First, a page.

"Starting in Fall 2020, students will be able to use their student IDs to prove their identity at the polls. That’s because the university will now print an expiration date on student IDs, which puts them into compliance with part of Iowa’s new election laws. Students will still need to prove their residency, but an ISU online portal will help fill that part of the requirement.
Iowa passed a law in 2017 establishing an ID requirement and listed the acceptable forms of primary ID. Those are: an Iowa Voter Identification Card, Iowa driver’s license, Iowa non-operator ID, a military or veteran ID, a U.S. passport or a tribal ID card or document.
According to Taylor Blair, president of the ISU College Democrats, student IDs are a secondary form of ID, so if students want to use them, they also have to provide proof of residency.
The IDs already have students’ photos on them, and Blair said the university has an online portal that displays a student’s address, which has been approved by the county auditor, but the expiration date is the final piece of the puzzle.
“For every eligible Iowa State student, we have a route to have residency proven and ID and that’s really important,” he said.
Iowa does allow people without one of the eligible forms of ID to either fill out a provisional ballot on election day or to apply for a voter ID card in advance.
Neither of those options are good solutions to allowing students to vote, Blair said.
“The issue is that if you’re from out of state, the process is already pretty complex and pretty opaque for a lot of students,” he said. “They don’t really understand exactly what they have to do, what they have to bring, and so if you get a postcard in the mail that says you’re registered and then you get another postcard in the mail a couple days later, it’s hard to know which one of those is the voter ID card.”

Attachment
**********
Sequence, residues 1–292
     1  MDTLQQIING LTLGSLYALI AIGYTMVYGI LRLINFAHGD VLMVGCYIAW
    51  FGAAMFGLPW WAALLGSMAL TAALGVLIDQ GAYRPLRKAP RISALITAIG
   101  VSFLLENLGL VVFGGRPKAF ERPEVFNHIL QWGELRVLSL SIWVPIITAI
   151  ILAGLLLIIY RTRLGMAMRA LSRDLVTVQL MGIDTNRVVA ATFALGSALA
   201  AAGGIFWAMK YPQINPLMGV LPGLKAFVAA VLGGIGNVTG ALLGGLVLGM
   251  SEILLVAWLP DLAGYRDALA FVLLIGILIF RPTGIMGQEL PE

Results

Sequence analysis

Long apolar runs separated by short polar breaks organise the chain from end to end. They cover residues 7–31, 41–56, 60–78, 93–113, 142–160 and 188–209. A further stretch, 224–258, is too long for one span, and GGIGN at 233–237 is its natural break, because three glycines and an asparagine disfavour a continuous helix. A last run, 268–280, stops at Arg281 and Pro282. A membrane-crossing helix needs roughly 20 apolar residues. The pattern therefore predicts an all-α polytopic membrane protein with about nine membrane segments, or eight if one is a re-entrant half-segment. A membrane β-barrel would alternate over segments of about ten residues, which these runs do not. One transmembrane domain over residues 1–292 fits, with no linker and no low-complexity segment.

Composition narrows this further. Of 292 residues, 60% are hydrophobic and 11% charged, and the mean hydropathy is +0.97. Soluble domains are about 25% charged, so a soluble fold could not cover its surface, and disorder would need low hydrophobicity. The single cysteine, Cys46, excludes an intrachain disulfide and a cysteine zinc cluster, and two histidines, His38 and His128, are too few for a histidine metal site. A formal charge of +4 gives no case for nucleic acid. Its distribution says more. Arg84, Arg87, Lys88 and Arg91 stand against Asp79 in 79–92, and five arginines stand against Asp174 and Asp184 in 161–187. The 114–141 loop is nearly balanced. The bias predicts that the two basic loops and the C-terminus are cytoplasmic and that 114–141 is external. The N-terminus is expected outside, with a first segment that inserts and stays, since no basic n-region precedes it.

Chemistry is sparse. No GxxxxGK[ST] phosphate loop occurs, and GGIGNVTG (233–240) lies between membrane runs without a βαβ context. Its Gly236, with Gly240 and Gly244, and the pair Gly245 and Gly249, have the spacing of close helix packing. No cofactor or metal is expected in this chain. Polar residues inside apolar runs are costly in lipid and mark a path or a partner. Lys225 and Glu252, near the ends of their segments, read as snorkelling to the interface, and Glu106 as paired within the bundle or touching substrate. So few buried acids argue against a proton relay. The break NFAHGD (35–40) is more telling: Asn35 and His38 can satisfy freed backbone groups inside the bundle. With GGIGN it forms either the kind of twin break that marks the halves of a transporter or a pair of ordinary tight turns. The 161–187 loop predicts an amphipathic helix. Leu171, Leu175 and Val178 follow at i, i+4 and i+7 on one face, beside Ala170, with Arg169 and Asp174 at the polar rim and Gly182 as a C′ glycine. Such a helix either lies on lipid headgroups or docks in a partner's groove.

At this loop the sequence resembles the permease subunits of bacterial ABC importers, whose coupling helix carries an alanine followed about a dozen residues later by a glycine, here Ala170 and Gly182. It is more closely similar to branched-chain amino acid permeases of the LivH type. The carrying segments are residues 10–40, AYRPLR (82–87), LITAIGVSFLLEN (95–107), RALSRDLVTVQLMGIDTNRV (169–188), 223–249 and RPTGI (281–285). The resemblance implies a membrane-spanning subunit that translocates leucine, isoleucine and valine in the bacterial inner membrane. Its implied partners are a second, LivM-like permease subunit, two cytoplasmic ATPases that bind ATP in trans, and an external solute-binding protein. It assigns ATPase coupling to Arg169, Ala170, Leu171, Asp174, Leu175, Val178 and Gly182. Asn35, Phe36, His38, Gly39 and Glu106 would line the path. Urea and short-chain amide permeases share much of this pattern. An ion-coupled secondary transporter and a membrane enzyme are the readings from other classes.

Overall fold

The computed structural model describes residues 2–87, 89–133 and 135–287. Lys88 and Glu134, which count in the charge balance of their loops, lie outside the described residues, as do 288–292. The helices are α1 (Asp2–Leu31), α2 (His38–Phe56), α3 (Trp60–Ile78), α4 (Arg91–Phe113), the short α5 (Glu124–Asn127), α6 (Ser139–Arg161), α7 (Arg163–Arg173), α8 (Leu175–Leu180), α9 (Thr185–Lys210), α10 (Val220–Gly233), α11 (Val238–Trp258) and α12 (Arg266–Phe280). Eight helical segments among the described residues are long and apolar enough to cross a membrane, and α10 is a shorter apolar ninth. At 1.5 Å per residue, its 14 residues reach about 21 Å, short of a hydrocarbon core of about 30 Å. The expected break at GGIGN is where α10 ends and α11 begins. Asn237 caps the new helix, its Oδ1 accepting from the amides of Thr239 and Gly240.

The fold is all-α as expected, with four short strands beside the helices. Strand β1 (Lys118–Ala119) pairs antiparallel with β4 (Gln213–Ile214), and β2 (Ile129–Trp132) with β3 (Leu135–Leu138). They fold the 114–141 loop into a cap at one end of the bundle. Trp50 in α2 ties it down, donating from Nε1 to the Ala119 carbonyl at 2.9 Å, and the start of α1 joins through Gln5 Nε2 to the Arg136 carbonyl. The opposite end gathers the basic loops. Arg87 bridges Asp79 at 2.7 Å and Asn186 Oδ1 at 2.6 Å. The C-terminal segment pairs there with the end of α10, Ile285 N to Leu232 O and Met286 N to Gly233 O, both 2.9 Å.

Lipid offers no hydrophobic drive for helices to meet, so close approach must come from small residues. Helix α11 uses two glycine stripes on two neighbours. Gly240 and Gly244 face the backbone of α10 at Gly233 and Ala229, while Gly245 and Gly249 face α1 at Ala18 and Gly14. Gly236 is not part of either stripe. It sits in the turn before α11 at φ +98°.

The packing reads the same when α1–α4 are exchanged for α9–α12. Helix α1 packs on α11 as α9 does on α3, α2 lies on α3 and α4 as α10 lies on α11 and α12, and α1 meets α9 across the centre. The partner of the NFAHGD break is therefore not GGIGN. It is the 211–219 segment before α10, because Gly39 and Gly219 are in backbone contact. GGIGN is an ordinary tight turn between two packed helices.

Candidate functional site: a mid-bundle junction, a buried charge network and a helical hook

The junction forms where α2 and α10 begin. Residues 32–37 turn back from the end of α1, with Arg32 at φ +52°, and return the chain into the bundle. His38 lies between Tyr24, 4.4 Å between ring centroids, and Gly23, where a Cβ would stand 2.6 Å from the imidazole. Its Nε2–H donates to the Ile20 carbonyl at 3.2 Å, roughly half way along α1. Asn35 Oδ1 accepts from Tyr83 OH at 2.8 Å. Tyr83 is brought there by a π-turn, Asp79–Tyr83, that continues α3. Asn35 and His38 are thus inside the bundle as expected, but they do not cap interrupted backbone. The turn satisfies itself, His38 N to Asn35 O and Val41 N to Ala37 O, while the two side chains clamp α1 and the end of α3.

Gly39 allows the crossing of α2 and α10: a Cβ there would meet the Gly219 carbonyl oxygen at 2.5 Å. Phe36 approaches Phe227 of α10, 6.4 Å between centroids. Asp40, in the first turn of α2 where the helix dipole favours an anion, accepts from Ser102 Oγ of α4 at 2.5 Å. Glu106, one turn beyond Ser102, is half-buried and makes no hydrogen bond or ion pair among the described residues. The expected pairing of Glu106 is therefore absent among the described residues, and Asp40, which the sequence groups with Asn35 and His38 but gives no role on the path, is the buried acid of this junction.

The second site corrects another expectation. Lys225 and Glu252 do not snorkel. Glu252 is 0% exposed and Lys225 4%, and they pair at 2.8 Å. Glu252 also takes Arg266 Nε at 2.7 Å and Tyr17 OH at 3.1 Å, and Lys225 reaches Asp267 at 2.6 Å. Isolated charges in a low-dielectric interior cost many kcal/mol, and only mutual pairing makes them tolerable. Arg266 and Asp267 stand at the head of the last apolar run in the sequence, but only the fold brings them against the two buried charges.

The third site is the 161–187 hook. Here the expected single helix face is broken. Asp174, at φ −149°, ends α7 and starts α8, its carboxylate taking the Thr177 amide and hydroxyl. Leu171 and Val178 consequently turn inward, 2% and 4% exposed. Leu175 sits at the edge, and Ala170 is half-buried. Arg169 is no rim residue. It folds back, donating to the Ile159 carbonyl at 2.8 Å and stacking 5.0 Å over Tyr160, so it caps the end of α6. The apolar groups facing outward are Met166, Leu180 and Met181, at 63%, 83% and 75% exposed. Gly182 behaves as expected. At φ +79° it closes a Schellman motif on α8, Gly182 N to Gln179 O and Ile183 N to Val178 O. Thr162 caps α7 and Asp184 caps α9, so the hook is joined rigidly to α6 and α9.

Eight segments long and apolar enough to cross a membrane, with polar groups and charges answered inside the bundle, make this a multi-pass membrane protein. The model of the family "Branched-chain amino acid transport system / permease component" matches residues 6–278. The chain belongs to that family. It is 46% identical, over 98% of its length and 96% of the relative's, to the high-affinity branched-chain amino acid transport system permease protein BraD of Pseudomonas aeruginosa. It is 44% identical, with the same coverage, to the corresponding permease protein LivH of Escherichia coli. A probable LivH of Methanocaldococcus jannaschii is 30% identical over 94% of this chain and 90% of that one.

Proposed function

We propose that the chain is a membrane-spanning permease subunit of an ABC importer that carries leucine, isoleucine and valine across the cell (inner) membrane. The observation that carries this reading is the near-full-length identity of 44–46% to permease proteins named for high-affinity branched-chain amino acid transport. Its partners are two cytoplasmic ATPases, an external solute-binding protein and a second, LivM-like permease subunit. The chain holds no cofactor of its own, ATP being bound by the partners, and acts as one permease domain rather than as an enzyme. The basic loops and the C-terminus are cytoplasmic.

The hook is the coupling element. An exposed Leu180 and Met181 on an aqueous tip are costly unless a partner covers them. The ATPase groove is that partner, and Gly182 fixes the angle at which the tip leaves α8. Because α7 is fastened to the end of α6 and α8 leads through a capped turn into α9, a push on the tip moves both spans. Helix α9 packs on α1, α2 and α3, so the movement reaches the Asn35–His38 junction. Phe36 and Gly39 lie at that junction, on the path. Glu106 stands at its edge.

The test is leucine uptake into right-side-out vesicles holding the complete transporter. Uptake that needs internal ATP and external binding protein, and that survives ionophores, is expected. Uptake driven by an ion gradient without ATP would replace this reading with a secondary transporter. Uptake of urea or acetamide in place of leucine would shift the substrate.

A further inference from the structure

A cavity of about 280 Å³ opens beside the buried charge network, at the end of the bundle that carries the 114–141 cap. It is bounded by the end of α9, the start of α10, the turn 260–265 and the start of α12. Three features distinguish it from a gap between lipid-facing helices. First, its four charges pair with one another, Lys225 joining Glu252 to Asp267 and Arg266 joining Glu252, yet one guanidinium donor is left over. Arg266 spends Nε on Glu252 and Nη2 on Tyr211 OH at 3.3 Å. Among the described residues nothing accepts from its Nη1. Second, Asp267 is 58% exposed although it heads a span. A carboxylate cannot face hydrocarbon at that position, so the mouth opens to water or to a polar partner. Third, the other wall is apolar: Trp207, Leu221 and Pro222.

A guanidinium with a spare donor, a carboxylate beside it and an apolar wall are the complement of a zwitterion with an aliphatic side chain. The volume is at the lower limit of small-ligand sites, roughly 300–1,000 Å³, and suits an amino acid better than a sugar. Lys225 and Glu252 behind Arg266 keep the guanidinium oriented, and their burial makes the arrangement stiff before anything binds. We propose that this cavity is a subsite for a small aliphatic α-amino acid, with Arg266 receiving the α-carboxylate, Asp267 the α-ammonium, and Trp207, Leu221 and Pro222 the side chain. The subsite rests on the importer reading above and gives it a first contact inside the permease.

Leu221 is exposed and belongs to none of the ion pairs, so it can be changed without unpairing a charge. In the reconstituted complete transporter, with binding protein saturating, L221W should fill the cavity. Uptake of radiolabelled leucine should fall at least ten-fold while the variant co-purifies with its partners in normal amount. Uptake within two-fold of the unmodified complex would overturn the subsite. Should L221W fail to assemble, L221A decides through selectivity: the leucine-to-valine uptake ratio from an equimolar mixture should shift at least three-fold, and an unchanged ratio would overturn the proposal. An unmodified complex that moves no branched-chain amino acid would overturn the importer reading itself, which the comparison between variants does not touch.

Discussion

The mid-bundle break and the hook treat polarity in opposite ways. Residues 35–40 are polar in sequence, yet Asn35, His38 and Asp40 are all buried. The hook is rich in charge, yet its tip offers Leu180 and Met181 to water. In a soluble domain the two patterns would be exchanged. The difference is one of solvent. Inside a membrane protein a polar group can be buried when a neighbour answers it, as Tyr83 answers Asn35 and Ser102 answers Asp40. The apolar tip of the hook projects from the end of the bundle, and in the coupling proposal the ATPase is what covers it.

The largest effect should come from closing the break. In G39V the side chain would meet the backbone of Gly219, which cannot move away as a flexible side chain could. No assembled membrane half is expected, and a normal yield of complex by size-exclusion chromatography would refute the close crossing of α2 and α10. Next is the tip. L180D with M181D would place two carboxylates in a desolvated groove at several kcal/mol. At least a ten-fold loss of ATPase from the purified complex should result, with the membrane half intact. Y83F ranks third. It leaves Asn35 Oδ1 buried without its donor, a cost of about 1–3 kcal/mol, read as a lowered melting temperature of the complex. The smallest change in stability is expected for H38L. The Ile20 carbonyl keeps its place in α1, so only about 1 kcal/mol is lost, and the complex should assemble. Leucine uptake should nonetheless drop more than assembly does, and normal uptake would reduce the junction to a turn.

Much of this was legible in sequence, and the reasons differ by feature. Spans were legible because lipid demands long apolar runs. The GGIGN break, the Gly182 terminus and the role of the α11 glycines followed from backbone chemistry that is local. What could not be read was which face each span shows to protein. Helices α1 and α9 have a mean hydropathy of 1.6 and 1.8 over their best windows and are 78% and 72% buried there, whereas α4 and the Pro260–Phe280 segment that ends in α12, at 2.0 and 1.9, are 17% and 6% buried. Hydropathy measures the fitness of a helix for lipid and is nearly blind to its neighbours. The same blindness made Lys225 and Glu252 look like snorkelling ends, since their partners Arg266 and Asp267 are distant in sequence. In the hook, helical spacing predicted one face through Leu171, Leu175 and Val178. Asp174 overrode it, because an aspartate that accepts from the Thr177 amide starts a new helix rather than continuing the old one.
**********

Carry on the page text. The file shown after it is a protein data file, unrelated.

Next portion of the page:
The voter ID cards are white card stock, not plastic, and Blair said they’re easy to lose or forget about. He did last year.
If a voter doesn’t have the right ID on election day, the next option is to fill out a provisional ballot, which allows a citizen to cast a vote, but it isn’t counted until they’ve proven they’re eligible voters.
Blair said that’s potentially a problem because students may have to travel without access to a car, get to the office during business hours and know where to go in the first place."
When the change takes place in 2020, it will only apply to IDs for the incoming class. Blair said he and his group are trying to convince the administration to develop a way for current students to update their IDs with expiration dates."
By Nikoel HytrekRead the full article...